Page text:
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The Baggage man's Ghost

edited by Joseph Lewis French


  "The corpses of the passengers killed in the disaster up at Spuyten Duyvil was fetched down here and laid out in that storage room," said a Grand Central depot baggage man. "That's what give it the name of morgue. Some of the boys got scared of going in after that, 'specially in the dark; and a lot of stories was started about spooks. We had a helper (a drunken chap that didn't know whether he saw a thing or dreamed it), and he swore to the toughest of the yarns. He says he went in to get a trunk. It was a whopper, and he braced himself for a big strain; but, when he gripped it, it come up just as if there wasn't nothing in it more'n air or gas. That unexpected kind of a lift is like kicking at nothing--it's hurtful, don't you know?"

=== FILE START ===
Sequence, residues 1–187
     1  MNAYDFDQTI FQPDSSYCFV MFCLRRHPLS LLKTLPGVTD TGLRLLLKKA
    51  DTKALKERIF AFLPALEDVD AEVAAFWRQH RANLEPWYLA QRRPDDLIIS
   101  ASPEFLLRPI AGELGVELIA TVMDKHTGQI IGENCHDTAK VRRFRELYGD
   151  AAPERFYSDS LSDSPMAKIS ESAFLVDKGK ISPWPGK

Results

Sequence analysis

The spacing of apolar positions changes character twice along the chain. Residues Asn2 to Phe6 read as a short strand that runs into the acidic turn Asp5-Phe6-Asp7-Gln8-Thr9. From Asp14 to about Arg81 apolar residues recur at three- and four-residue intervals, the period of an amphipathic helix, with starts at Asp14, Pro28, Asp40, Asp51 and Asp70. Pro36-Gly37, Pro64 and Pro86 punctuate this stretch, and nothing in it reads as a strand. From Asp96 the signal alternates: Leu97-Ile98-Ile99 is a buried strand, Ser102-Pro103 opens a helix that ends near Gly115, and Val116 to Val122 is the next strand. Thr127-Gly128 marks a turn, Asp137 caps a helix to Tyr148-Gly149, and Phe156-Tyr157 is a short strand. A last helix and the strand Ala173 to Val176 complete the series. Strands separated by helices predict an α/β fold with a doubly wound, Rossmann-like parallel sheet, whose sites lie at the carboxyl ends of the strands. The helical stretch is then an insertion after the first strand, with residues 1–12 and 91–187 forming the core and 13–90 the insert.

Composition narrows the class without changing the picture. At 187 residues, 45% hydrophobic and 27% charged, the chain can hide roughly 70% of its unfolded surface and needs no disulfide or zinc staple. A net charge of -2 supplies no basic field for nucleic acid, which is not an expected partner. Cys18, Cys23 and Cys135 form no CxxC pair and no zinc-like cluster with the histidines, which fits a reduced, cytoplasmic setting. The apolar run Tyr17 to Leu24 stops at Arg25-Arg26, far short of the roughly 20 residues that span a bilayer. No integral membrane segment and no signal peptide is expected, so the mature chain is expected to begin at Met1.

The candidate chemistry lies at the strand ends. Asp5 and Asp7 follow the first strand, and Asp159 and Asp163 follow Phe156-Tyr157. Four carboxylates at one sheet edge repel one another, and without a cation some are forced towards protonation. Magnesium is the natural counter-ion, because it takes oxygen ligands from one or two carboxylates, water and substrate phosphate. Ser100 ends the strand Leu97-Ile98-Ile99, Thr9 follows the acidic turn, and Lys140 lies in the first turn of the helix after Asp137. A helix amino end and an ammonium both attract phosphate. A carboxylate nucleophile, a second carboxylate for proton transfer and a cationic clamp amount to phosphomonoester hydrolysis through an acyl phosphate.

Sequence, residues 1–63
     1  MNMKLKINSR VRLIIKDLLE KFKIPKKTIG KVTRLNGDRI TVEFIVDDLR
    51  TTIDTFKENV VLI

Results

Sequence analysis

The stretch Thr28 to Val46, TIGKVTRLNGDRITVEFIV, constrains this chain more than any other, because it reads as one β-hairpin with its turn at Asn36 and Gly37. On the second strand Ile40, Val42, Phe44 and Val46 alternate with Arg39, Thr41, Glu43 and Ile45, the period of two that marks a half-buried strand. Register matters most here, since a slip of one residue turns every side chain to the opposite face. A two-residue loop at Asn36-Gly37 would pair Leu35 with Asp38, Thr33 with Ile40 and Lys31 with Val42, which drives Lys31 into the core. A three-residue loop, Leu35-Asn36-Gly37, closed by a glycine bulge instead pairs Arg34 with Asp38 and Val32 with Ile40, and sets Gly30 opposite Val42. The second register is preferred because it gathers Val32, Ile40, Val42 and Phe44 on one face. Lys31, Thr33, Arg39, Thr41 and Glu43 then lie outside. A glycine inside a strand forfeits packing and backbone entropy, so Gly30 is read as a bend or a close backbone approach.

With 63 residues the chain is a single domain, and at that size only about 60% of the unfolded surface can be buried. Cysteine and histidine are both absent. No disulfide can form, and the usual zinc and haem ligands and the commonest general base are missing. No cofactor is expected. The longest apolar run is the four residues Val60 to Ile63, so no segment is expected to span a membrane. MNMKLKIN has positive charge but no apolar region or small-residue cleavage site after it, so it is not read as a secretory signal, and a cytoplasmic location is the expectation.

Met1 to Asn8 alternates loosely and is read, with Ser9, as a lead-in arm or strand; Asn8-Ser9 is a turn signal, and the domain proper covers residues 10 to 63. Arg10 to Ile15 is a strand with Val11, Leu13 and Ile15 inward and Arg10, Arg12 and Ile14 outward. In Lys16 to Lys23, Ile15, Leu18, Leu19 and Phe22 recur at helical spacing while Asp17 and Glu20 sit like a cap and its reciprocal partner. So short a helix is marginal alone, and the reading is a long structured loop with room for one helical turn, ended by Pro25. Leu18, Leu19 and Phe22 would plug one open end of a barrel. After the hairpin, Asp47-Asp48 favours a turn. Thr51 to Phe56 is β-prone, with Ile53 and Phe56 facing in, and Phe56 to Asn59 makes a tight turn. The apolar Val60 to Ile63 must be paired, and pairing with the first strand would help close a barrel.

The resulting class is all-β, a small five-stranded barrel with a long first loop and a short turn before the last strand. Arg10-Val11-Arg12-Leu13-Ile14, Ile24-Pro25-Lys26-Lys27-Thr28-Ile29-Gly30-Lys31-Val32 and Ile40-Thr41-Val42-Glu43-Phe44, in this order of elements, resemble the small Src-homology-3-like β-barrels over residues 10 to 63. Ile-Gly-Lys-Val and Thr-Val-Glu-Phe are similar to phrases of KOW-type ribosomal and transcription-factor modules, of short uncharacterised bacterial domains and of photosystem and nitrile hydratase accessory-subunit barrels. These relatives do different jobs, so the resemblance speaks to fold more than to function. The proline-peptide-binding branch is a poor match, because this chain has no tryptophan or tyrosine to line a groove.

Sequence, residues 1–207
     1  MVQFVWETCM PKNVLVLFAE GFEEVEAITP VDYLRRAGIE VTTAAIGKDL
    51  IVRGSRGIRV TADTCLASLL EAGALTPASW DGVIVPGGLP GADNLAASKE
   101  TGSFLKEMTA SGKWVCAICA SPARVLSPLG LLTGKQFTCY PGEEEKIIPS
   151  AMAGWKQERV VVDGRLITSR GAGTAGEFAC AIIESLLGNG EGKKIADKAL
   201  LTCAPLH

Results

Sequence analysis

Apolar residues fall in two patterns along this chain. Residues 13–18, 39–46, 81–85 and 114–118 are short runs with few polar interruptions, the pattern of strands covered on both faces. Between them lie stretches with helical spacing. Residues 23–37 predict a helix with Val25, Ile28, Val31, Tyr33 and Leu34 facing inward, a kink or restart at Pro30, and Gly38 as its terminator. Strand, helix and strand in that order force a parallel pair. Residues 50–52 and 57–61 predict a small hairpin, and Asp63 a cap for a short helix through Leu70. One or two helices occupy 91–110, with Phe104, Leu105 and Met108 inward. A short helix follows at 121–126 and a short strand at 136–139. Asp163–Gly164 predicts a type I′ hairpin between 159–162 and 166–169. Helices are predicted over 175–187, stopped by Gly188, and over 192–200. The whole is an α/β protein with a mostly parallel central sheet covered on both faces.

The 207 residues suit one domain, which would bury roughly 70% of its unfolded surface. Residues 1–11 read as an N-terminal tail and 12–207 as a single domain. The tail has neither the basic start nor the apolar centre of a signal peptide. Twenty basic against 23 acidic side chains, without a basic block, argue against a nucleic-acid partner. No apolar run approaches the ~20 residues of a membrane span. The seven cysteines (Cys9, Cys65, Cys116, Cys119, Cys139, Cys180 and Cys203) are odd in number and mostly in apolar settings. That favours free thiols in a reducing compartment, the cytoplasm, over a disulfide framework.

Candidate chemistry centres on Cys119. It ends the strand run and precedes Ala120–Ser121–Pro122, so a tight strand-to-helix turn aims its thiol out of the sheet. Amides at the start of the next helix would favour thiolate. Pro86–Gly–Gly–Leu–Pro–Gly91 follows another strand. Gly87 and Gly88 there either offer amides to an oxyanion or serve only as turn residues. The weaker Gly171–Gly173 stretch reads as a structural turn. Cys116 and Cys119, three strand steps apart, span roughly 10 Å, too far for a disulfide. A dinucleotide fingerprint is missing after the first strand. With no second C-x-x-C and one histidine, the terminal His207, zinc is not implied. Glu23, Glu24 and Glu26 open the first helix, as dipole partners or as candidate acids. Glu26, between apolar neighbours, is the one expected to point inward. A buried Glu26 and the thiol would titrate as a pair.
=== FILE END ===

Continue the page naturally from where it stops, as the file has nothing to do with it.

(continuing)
"I should think so."

  "Well, Joe felt as light-headed as the trunk, he says, but he brought it out. When he was putting it down he was stunned to see a ghost sitting straddle of it."

  "What did the ghost look like?"

  "Joe was so scared that he can't tell, except that it had grave-clothes on. And it went out of sight as soon as he got out into the daylight--floated off, and at the same instant the trunk became as heavy as such a trunk generally is. Some of us believe Joe's story, and some don't, and he's one of them that does. He throwed up his job rather than go into the morgue again."

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